Elvis played the most major part in creating "Rock" music in it's pure form from his unique blending of various styles and genres that were all a part of his own musical make-up and life-long influences. He kicked the door open for everyone else to follow, he put Rock music on the map, and the Rock music world still owes the same huge debt to the boy from Tupelo. This album is all one needs to hear for an example of how and why.
The album consists of five previously unreleased Sun cuts from 1954-55, and seven new cuts laid down in Nashville at RCA in January of '56 along with the immortal "Heartbreak Hotel" (and others) which was not on this album but released earlier as his first (and smash) RCA single just as Elvis was making his initial and revolutionary TV appearances which would stun 1950's America. With the first track it is/was immediately obvious that something new, special, unique, and "dangerous" to many, had arrived into the music world and into Pop Culture. This was the album debut of the guy with the ducktail, the sideburns, the flashy clothes, the notorious stage act, and that unforgettable and unique voice, style and sound who would soon become "The King", but at this point was just that wild guy creating controversy across the nation as that first RCA single raced up the charts, and his first TV performances, if toned down slightly from his road act, seemed to confirm the notorious rumors.
With the opening track, a revved up cover of former Sun Records mate Carl Perkins' "Blue Suede Shoes" that practically immediately and forever became a classic signature "Elvis" song, the first Rock album in history is off and running. But this isn't the moderately paced, gangly, Perkins version, this is a full-throttle Rock & Roll assault with Elvis' wailing vocals and acoustic rhythm guitar, and his now legendary initial bandmates, Scotty Moore on electric lead guitar, Bill Black on bass, and DJ Fontana on drums, wailing relentlessly along with him.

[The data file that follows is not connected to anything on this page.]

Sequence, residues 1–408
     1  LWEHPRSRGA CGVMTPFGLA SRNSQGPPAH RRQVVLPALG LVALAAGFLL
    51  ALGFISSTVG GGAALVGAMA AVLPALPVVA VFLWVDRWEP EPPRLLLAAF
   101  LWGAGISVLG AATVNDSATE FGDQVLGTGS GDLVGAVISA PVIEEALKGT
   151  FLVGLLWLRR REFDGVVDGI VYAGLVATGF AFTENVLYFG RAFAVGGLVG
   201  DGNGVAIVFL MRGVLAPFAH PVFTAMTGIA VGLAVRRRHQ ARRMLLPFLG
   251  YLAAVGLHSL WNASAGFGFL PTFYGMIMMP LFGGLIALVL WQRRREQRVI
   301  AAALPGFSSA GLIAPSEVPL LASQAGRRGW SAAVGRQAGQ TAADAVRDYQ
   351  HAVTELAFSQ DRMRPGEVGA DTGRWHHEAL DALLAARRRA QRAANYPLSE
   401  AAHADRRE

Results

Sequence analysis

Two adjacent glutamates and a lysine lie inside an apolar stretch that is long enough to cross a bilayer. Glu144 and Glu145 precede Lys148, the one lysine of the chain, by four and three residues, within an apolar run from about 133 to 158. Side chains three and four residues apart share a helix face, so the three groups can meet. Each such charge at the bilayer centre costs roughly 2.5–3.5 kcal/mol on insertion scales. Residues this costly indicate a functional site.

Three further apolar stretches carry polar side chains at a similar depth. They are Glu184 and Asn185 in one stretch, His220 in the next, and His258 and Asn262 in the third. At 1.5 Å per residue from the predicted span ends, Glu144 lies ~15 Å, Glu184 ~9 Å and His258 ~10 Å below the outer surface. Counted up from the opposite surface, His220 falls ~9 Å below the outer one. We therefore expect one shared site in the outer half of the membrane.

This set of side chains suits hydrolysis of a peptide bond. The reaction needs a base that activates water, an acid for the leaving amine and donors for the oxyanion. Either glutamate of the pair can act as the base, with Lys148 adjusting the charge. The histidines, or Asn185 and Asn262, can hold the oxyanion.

The second track, a ballad called "I'm Counting On You" immediately shows the diversity of this vocalist as he is already displaying the aching and yearning in his voice and the vocal phrasing that would soon become downright seductive and unforgettable in later ballads and love songs.
Next up, another corker of a rocker created from something else entirely. "I Got A Woman" was a moderately paced Ray Charles R&B number that skipped along with honking horns in typical 50's R&B fashion: Elvis' version is a whole 'nother animal. Sharp, fast and menacing, it kicks into high gear instantly, and even the stop and start middle where each line from Elvis is quickly and emphatically answered by Fontana's drums, gives the song the feel of a race car quickly in the pit and revving to immediately get back on the track where it seems to pick up even more steam until it's abrupt and false ending, where it suddenly drops into a half-time, bump and grind striptease tempo for a blistering finish that must have caused near riots in those days during his live shows. It's also another example of Elvis' unmatched Rock vocals and overall vocal range which was growing by leaps and bounds, even at that point. More classic early RCA Elvis. In fact, it's the first song he cut for the label, right before "Heartbreak Hotel", and Elvis would enthusiastically perform it live throughout his career.